As we enter the last quarter of the video, the discussion focuses back on the flight dynamics of the A330 itself. For those who enjoy commanding heavy metal aircraft, be rest assured the aircraft behaves accordingly. With the restricted bank angels, sluggish reaction times and the almost untameable momentum, Austin makes it clear that no detail was missed in this respect.

The video ends with a bang, which is a polite way to describe the landing, with Austin perfectly displaying the undivided attention such an aircraft requires, coming in at 300 Knots on final and overshooting. We know this is by no means a display of Austin's piloting skills, but rather a perfect example that this aircraft is no paper plane, and requires one's full undivided attention.

Check out the video on A330 and everything icing below:

F-14 Tomcat

The last video to be shared on Michael Brown’s channel is Austin “showcasing” the new F-14 Tomcat. The showcase features Austin taking the Tomcat out of New York’s JFK airport with full afterburners, followed by a swift climb to an altitude where the sunrise can be witnessed in its full glory. Austin then follows this by demonstrating the famous wing sweep of the aircraft and the full flight dynamics being modelled during different stages of the wing sweep. A quick aero refuelling is completed (within the X-Plane menus) after running out of fuel by running full afterburners, then video turns to Austin demonstrating a carrier landing.

While the landing was rather impressive, the approach was less graceful with a steep descent from a high altitude being completed using full speed brakes, flaps as well as extended gear. The carrier landing also showcased the fully functional landing hook modelled on the aircraft.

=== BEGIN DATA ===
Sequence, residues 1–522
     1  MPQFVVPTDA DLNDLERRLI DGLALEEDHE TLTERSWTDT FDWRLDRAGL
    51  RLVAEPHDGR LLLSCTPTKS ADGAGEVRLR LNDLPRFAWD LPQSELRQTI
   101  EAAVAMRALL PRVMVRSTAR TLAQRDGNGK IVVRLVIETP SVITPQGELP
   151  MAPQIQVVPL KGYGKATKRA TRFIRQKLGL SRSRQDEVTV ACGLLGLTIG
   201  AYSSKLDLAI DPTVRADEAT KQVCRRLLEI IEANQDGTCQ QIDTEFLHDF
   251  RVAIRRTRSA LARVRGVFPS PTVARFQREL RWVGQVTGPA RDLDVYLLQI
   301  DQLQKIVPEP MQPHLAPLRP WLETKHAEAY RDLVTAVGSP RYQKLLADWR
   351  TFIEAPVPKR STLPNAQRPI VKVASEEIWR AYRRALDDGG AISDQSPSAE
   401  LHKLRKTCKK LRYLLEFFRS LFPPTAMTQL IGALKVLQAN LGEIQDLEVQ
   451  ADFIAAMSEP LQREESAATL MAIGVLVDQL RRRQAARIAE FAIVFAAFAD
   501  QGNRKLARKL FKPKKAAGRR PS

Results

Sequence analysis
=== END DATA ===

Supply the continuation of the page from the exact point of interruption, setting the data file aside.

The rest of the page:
While the actual aircraft carrier in the video is the default one from X-Plane, Austin mentioned that a new one is being worked on for X-Plane 12, with a visual artist currently working on the asset, which will greatly improve the visual environment within the when flying over water bodies.

Fancy exploring the F-14 Tomcat in more detail? The video below is the one for you:

Cirrus SR22

This summary of all developments is rounded off by Laminar Research’s official trailer of the new default Cirrus SR22. While not designed to compete with products such as Torquesim’s Take Command! series of Cirrus aircraft, the aircraft will most certainly be a welcome addition to the simulator.

The video, edited together by Aviation Lads, runs in the format of a cinematic completion of a full flight in California taking in famous signs such as the Hollywood sign. The video also demonstrates various capabilities of the simulator itself such as the new rain and icing effects on the windshield. The aircraft itself seems to have a good level of systems modelled including the standard G1000 unit as well as an oxygen system, demonstrated in the video by the aircraft climbing to an altitude of FL150.

Sounds are also demonstrated, where a high-quality sound set has been implemented for the aircraft, hopefully being ported to aircraft like the default Cessna 172, setting a higher standard within the simulator.

Of course, the gorgeous new weather system is demonstrated as well such as in the screenshot above. Many different weather cycles were shown such as towering clouds, rain and icing conditions.

Find all of the above mentioned in the official trailer below:

Towards the end of the video where Austin is showcasing his Lancair Meyer, he briefly touches on the current status of X-Plane 12. He stated that there are about 100 current testers, 20 of whom are in direct contact with him. He also stated that work is hoping to be completed on the road network of X-Plane 12 and updates on coastline texturing. Austin addressed hopes for an Open Beta soon, but no date was given or specified as of today.

That’s all for this week’s exciting spell of X-Plane 12 previews, check back on Threshold regularly to make sure you never miss the latest updates on the newest generation of the simulator.